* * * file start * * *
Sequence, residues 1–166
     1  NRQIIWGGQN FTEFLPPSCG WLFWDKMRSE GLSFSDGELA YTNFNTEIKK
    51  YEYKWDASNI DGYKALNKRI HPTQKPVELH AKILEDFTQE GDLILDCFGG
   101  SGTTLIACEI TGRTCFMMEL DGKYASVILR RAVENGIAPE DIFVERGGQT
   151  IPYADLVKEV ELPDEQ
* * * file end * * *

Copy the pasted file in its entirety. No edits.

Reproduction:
Sequence, residues 1–166
     1  NRQIIWGGQN FTEFLPPSCG WLFWDKMRSE GLSFSDGELA YTNFNTEIKK
    51  YEYKWDASNI DGYKALNKRI HPTQKPVELH AKILEDFTQE GDLILDCFGG
   101  SGTTLIACEI TGRTCFMMEL DGKYASVILR RAVENGIAPE DIFVERGGQT
   151  IPYADLVKEV ELPDEQ